This post is aimed at giving you some helpful information when buying a new computer.
It occurred to me to write about this subject because we have recently had a number of requests for new PCs with the reasons being varied from a new member of staff to a replacement for an 8-year-old laptop.
It’s a fact of computing life that the majority of (our) customers use Windows and a version of Microsoft Office and/or Outlook to run their businesses – therefore I’ll concentrate on these requirements.
When buying a new PC, there are more cost considerations than just the purchase price however:

  • Office suite;
  • Anti-virus;
  • Create a recovery drive;
  • Data back-up;
  • IT support costs.

If this is for a new member of staff, then the above are all relevant, however, if this is a replacement PC, then it may be that only some are going to be new costs. Let’s look at the former.

A lot of consumer PCs come with trials of Microsoft Office 365 and an Anti-virus product. They’ll typically run for 6 weeks and then require a subscription payment. A stand-alone copy of Office, i.e. Microsoft Office Home and Business 2016 (includes Outlook), will typically cost £190, whilst a monthly subscription to (rent) Office 365 starts at about £80.

With regards to anti-virus, the cost options range from free to approx. £30 a year for 1, 3 or 5 devices with a consumer product to £50 for a managed solution.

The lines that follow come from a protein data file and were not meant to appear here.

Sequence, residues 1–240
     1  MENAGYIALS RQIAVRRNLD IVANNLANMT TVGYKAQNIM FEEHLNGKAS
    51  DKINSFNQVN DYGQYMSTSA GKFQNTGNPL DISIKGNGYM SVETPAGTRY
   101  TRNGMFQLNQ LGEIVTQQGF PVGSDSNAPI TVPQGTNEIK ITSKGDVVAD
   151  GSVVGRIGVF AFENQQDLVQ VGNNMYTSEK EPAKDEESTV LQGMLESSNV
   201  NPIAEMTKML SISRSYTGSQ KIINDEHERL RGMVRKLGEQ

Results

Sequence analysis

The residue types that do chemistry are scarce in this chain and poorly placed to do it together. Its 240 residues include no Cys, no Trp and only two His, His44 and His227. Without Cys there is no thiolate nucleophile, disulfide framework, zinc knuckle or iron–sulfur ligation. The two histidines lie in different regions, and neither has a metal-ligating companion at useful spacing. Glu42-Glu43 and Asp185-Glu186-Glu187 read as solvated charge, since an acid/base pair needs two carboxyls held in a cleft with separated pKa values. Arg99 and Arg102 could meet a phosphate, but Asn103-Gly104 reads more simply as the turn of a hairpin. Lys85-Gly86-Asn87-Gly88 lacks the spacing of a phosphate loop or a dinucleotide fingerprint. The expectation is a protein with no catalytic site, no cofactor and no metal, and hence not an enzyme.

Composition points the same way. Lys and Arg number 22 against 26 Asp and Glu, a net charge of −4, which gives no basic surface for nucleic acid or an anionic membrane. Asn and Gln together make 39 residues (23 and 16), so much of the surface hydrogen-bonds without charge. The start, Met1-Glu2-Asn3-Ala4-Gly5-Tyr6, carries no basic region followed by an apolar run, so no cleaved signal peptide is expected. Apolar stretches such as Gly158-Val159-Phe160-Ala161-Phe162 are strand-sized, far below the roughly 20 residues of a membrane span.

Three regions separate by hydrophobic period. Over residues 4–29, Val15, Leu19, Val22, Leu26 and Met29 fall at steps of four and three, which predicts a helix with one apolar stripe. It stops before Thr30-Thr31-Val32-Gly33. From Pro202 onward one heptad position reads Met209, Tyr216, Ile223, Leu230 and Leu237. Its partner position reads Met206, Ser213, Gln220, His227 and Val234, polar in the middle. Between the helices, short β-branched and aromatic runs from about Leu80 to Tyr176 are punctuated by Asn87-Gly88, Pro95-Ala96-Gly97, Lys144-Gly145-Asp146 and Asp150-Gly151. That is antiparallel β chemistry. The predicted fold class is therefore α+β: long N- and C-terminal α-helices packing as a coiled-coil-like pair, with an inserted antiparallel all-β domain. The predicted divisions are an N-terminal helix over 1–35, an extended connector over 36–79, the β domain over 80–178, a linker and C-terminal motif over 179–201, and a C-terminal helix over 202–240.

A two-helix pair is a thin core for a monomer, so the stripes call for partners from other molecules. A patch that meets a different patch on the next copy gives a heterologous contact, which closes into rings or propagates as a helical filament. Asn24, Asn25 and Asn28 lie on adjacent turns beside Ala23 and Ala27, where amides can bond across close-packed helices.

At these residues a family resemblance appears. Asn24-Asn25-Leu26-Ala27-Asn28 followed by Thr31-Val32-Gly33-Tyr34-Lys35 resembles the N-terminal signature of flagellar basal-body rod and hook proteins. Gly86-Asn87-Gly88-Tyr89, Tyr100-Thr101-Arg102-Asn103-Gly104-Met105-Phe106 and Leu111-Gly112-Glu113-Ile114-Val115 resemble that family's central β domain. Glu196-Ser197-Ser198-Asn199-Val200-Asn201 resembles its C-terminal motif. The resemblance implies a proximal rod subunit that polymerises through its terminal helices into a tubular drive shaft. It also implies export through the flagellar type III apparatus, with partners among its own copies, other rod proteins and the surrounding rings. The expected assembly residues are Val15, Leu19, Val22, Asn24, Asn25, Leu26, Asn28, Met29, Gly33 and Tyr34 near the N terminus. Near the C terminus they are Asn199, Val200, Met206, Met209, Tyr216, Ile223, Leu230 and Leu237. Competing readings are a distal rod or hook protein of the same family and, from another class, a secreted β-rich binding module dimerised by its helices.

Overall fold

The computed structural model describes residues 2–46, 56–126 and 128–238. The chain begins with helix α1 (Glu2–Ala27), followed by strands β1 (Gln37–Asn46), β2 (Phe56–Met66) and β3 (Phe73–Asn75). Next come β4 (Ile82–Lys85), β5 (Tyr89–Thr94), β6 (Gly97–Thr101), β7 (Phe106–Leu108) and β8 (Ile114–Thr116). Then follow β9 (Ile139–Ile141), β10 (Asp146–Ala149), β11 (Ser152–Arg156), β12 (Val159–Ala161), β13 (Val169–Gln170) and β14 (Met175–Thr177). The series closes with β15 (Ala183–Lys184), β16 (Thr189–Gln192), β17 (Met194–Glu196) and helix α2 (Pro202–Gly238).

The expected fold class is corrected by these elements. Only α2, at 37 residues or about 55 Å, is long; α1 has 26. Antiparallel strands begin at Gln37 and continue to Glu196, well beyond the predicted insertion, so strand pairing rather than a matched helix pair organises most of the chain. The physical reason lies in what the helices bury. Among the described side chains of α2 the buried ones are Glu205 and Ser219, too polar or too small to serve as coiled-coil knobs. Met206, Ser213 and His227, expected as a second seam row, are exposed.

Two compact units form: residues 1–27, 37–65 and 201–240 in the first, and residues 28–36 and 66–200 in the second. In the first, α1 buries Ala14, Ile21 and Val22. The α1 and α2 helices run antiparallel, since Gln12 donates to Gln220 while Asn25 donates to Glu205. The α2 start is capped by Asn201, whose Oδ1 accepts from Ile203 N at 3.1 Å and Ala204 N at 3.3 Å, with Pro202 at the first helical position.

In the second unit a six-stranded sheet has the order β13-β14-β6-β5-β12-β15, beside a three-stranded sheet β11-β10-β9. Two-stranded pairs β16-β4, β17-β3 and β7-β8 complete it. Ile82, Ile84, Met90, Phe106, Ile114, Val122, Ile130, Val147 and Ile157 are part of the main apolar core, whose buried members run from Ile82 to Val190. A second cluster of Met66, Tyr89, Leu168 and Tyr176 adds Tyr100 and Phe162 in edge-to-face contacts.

If Windows throws a wobbly and needs repairing, then you’ll need to have created a recover drive because there is no Windows DVD supplied with new PCs anymore – so you have to make your own. A USB device to create the recovery drive costs no more than £20.
As this is for a new member of staff, we’ll presume that there is already a data backup process in place – it may be a question of some added costs due to the size of the increased number of files needing to be saved.

Whilst PCs do seem to be pretty reliable, hardware begins to show signs of ageing after 2-3 years. The cost of a laptop appears to have fallen a little over the last few years however they will have a shorter lifespan than a typical desktop – maybe 3-4 years compared to the latter’s 5-6. Laptops’ hardware is also more expensive to upgrade than a desktop PC too. Whilst a lot of software issues can be Googled, as can hardware issues, it would be wise to factor in some form of IT Support costs over the lifespan of the computer.

If you think that replacing an existing PC would mean that there are no extra costs, because the old PC has everything that is needed, think again. For instance, to install the Office software from old to new may not be possible if it originally came on a DVD and the customer no longer has it. Likewise if the software was for a stand-alone version and previously downloaded – the website will likely no longer be valid and therefore you’d be unable to download again.

You’d also need to transfer the user files from the old PC to the new, including setting up email accounts, mapping network drives etc. – there’s a cost of someone’s time in there – whether a member of your staff or your IT’s.

Lastly, let’s consider a quandary – a desktop PC with Windows 10 – won’t boot properly. The hardware reports that there are no issues, therefore it’s a software issue. The customer doesn’t have a recovery drive, therefore the decision is either to buy a retail version of Windows to use re-install, or buy a new PC. £100 for Windows plus IT Support costs or approx. £400 for a new desktop.
Having the recovery drive would have helped greatly – a £20 cost that is definitely one of the items you should budget for.
To control your costs, think ahead.